Blue Knights see a mirror image in Ridgefield

SOUTHINGTON — The field for the wide-open Class LL football championship rounds into the clubhouse turn with Southington the highest remaining seed.

The fourth-seeded Blue Knights (10-1) are roaring down the stretch toward their seventh final with only No. 8 Ridgefield (10-2) standing in the way. The game is slated to kick off today at 2 p.m. at Ken Strong Stadium on the campus of West Haven High School.

While the Knights were pounding Norwich Free Academy 52-14 on Tuesday night, the Tigers were holding off a determined comeback by top-seeded Newtown. They held a 22-point lead with three minutes left in the third quarter, but needed a stop on a two-point conversion in the waning seconds to eke out a 35-33 win.

Southington has won one state title: in 1998 when MVP quarterback Scott Bard executed former coach Jude Kelly’s run-and-shoot offense to perfection in a 54-26 stomping of NFA at Southern Connecticut State University. The Knights lost to Glastonbury (1984), Hartford Public (1994), Greenwich twice (1999 and 2006) and Xavier (2005) in their other championship bids.

Ridgefield, which finished first in the FCIAC Central Division, won a Class L-II crown in 1983 and emerged as the 2002 Class L champion with one-point wins over Amity and Windsor. The Tigers’ lone postseason disappointment came in the 2011 quarterfinals against Staples.

The teams had one common opponent this year. Ridgefield began the season September 15 with a hard-fought 17-14 win over Cheshire, the same team that the Knights dismantled on Thanksgiving 38-6.

But Southington coach Mike Drury was quick to express that comparative scores are moot.

“You take things like that with a grain of salt,” he said. “It was early in the year. You don’t know how the team developed. Some teams came out a lot differently in the first game. We came out slowly against Glastonbury until we found our identity. There were new kids who had never started before.

“I stressed that to the kids. They see the scores, but it means nothing. They’re in the semifinals, they’re a very good team and we’re going to have to play a great game.”

The Ridgefield offense operates almost identically to Southington’s. Coach Kevin Callahan runs a spread offense directed by junior quarterback Ryan Dunn and led by explosive tailback and University of Maryland lacrosse recruit Will Bonaparte (251 carries, 1,750 yards, 18 TDs).

Dunn’s primary targets are Andrew Chuma and Erik Weber, both of whom surpassed 40 receptions and combined for 15 TDs.

“Our quarterback is very efficient (64 percent completion ratio) and our tailback is pretty sensational,” Callahan said. “He’s one of the top runners in the state. He’s very dynamic.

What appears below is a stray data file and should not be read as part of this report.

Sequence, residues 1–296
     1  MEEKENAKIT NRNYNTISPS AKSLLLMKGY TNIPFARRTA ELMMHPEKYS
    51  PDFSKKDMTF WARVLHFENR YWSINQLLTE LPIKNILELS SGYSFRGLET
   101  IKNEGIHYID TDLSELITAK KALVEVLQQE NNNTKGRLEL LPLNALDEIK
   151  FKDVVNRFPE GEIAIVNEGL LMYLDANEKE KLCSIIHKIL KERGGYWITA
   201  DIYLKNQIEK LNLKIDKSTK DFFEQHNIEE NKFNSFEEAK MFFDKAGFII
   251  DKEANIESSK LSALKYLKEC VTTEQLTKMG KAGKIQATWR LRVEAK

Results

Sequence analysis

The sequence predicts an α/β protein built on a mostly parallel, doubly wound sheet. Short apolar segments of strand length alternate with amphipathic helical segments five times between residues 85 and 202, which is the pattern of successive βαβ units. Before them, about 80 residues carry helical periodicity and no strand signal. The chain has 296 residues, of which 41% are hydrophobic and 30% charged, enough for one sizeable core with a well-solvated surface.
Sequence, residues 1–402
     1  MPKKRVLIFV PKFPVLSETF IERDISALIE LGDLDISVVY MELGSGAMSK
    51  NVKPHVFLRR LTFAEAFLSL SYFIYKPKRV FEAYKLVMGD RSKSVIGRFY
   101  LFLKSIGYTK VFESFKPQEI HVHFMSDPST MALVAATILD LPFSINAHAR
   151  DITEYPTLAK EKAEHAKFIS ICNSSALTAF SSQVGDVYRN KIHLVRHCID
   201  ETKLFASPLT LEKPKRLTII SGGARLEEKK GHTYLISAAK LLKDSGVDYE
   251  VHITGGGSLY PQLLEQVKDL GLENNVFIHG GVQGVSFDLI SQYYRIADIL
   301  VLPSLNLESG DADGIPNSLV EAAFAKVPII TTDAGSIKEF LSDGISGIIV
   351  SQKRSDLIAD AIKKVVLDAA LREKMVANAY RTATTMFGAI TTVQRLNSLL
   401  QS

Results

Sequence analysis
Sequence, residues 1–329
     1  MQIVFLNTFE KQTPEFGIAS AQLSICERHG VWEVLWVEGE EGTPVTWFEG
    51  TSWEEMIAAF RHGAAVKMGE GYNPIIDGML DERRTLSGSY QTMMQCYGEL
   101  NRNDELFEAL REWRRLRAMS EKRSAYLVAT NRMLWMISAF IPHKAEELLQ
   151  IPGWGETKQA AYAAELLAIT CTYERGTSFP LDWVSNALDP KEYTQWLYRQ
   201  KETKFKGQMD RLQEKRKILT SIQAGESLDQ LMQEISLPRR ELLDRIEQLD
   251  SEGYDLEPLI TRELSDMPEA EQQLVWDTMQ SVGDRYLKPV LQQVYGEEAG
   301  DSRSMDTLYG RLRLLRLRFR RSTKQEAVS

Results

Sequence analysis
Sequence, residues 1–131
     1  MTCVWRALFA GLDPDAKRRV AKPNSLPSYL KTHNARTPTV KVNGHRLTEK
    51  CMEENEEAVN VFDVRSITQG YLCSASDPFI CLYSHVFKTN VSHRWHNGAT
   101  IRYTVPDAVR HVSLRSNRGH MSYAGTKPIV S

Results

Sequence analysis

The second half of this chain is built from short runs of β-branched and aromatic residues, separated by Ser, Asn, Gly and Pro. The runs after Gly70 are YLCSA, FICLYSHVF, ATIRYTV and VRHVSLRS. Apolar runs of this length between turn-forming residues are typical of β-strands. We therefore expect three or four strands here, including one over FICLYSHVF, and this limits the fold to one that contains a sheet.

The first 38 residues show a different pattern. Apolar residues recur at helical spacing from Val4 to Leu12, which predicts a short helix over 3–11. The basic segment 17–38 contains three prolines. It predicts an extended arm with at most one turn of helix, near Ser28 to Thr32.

“Chuma has been getting Division I-AA offers. He’s a special kid who goes both ways for us.”

Drury aims to take one aspect of Ridgefield’s offensive prowess away.

“Bonaparte has the whole package,” he said. “He has size, speed and vision and he gets the ball a lot. We’ll try to make them a one-dimensional team, but [Dunn] is a great player too and they have a couple of big-play receivers who can make plays on the edge …

“You have to make [in-game] adjustments and that’s one thing our coaching staff does extremely well.”

Like Southington, the Tigers don’t have much size up front, relying on quickness and toughness to compete. That toughness is personified in 5-10, 220-pound Lucas Goff, who played both ways against Newtown and will play against the Knights with a broken wrist.

On the Southington side, left tackle Jimmy Nardi injured his ankle severely enough against Cheshire that he had to sit out the second half. He wasn’t sitting against NFA. He and his front-line friends gouged open gaps that enabled Tyler Hyde (136 carries, 899 yards, 16 TDs) to run and neutralized the NFA rush so Steve Barmore (157-for-243, 2,550 yards, 5 interceptions, 35 TDs) could throw.

Southington kept mistakes to a bare minimum, which Drury pointed to as a key to victory.

“In a few games we had too many penalties and too many turnovers,” he said. “We had four penalties (only two assessed) and we put no balls on the ground. That’s huge in big games. They really swing the momentum.”

Southington’s only major malfunction against NFA was getting the offense in gear early.

After Kyle Smick’s field goal on the first possession, the Knights went a full quarter without a first down.

Similarly, Ridgefield was within a deflected conversion pass away from blowing its big lead and heading to overtime against a Newtown team that rallied with the hopes and dreams of a nation still mourning the events of last December 14.

“It was an emotional night,” Callahan said. “We’ve been coaching our kids mostly from the neck up. We’ll get a good two days of practice and see what we can do.”

Meanwhile, Drury and company were applying some last-minute modifications before heading to the starting gate.

“They call this the gauntlet for a reason,” Drury said. “This is the playoffs and they’re all tough opponents. They’re being coached up well. We’ve addressed getting our rhythm early and playing a four-quarter game. When you’re playing at this point of the season, it’s all about playing clean football.”



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